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6 Easy Ways to Create Positive Change

by South University
July 17, 2015

Through his aspirations for a fair and equal life, Nelson Mandela turned adversity into opportunity. His leadership came unbiased toward religion, race or gender, and he inspired others to see the world for what it could be.

Each year, July 18, is a celebration of Mandela’s life. On Nelson Mandela International Day, take action as an agent for positive change and pledge 67 minutes of your time in honor of Nelson Mandela’s 67 years of service.

Create Your Action. Here are a few ways you can make an effort to transform the world:

  1. Participate: Volunteer in your community by cleaning up your local park, reading to the elderly at a nursing home or volunteering at a local food shelter. Unsure of where to start? Begin with the hands on network to see what options are available in your area.
  2. Organize: Gather your friends, family, or co-workers and organize a volunteer event for a cause you care about – Lead a clothing drive, food drive, or book drive for a local shelter or plan a community yard sale and donate the profits to a local charity.
  3. Act: Write a letter for change – Take action by finding a sensible improvement that could be made in your community and make an effort to change it for the better. Do you notice that there is too much garbage on the sidewalks in your community? Write a letter to your mayor stating why there should be more garbage cans in those areas.
  4. Sponsor: Become a sponsor for a walk/run – Through the late summer and fall, many non-profit organizations host competitive and non-competitive walk/run events. Check your local paper for events, sign up, start a team and organize a fundraiser in support of the non-profit organization.
  5. Lead: Create a study group with classmates – Coordinate with a few classmates a day and time that everyone can get together to discuss the class topics of the upcoming week. It’s a great way to gain leadership experience and to meet others who share common interests.
  6. Share: Tell others about your leadership and volunteer efforts – Share with the South University social community and the #MandelaDay community how you are leading as an agent for positive change in your family, your community, and your classroom.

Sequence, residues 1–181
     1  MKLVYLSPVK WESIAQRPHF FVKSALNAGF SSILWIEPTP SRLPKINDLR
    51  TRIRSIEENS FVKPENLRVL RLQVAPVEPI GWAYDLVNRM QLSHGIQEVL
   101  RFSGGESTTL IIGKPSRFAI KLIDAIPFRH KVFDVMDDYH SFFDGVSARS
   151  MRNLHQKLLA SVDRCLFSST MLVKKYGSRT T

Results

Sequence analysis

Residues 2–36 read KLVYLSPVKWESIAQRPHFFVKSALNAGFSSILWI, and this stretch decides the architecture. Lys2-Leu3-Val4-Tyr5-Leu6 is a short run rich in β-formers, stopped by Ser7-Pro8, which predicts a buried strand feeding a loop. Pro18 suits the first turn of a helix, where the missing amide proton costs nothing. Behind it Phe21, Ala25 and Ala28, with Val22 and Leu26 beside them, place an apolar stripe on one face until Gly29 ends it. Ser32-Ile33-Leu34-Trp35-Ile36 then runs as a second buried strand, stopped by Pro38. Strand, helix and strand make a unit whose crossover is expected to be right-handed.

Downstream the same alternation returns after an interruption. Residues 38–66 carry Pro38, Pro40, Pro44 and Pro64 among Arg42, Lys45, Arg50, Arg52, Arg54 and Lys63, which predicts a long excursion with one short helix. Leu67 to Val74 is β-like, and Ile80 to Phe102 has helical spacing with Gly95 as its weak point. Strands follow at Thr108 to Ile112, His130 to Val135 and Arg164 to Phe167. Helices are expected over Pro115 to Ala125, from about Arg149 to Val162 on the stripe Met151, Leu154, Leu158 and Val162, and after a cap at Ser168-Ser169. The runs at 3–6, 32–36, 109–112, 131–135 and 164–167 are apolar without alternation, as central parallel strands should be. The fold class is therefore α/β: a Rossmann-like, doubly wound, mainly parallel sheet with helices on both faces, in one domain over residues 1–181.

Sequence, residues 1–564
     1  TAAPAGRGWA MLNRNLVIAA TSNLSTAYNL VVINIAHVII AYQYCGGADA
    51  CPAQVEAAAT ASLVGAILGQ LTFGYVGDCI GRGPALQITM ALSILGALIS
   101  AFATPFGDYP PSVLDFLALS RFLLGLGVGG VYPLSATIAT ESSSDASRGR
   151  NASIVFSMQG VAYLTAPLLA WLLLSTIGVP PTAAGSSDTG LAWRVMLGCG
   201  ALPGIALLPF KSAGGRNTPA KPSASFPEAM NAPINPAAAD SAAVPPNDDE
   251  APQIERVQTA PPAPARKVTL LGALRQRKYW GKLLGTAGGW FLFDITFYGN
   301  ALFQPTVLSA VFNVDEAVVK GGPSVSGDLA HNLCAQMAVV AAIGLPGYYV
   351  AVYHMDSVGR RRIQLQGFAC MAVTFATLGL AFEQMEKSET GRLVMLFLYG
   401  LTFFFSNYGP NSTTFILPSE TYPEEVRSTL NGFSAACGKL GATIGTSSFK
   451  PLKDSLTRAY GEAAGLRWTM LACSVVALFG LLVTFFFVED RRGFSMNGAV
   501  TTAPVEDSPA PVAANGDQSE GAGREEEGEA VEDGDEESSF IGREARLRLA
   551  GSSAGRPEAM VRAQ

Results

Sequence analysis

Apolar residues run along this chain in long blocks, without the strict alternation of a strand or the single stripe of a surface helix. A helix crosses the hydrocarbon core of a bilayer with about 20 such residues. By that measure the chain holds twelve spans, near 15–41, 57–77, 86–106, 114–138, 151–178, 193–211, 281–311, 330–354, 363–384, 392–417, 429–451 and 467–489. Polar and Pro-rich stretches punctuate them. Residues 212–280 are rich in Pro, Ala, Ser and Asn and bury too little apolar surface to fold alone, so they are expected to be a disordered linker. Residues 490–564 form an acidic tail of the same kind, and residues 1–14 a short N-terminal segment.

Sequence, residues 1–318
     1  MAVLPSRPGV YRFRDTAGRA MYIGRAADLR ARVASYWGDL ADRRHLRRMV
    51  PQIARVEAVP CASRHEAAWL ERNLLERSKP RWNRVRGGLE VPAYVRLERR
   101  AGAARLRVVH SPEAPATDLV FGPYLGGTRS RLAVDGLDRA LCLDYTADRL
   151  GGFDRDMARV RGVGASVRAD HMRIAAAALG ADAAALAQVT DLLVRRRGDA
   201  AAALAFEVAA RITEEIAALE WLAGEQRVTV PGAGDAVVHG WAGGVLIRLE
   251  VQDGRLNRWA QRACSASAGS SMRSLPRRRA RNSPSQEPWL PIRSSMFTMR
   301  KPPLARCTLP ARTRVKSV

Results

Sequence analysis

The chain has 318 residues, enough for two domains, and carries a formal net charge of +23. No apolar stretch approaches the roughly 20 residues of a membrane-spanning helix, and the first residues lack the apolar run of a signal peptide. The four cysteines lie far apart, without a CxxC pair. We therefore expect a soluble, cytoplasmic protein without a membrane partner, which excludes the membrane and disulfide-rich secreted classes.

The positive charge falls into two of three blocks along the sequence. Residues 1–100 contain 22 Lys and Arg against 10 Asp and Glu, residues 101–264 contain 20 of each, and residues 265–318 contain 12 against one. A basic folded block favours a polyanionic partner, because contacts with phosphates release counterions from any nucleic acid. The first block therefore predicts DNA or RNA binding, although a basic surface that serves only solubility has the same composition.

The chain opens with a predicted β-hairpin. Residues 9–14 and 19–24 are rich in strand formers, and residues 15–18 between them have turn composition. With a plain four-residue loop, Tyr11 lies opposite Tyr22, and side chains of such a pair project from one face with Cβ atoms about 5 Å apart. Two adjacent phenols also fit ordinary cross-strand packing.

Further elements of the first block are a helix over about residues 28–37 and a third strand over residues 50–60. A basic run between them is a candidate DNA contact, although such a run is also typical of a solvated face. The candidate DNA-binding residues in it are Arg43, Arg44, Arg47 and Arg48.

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Job Search Tips for New College Grads

by South University
July 14, 2015

Job Search Tips for New College Grads

An estimated 1,855,000 students at the bachelor’s degree level are expected to graduate this year, according to the National Center for Education Statistics (NCES). Good news for graduates — the job outlook appears promising.

A survey conducted by the National Association of College and Employers (NACE) revealed that employers plan to hire 8.3 percent more new college graduates for their U.S. operations than in 2014. In fact, most companies rate the overall job market as “good” and the number offering a “very good” rating has risen to almost one-third of respondents.

The top five fields expected to see the highest percentage of growth include wholesale trade, retail trade, utilities, miscellaneous manufacturing and oil and gas extraction, according to the survey.

“The job market will be different for new grads depending on their program of study, where they live and how much prior experience they have,” said Cassandra Brentley, MA Ed., QEP academic success center supervisor at South University. “Two great resources available for students to research the job market in their field is the Bureau of Labor Statistics and O*Net.”

South University Offers Job Search Resources

South University students have the opportunity to start working with a career services advisor six months before graduation and are encouraged to start their job search then, Brentley said.

“A successful job search requires that students have a professional online presence, (a) complete resume and customized cover letters for each position they apply to,” Brentley said. Students can begin working on all three of these pieces before they graduate.”